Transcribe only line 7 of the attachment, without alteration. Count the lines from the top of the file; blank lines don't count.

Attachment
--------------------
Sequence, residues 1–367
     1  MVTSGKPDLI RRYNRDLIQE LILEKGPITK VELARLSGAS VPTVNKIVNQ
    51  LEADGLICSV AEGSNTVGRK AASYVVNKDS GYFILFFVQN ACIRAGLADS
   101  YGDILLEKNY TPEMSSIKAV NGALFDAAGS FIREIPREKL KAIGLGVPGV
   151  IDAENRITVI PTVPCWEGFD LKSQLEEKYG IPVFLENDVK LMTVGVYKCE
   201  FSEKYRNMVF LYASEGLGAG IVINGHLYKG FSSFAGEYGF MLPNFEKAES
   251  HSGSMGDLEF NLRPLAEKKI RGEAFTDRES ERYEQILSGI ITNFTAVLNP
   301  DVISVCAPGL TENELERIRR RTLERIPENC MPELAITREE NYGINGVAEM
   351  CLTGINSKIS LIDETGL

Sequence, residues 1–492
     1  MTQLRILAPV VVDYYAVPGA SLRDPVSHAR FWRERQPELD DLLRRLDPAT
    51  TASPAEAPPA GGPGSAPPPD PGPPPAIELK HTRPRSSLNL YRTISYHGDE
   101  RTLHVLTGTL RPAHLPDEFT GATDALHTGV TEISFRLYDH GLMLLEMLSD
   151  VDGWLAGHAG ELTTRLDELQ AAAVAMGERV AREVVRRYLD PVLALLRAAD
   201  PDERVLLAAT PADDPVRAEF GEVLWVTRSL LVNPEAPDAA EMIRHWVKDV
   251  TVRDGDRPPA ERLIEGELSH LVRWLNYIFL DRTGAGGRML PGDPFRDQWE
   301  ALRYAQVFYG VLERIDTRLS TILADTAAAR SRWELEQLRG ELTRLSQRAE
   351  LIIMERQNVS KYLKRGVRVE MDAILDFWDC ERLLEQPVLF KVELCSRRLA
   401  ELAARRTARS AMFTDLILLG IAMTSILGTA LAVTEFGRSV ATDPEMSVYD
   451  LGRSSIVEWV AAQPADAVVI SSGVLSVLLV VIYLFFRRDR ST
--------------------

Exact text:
   251  HSGSMGDLEF NLRPLAEKKI RGEAFTDRES ERYEQILSGI ITNFTAVLNP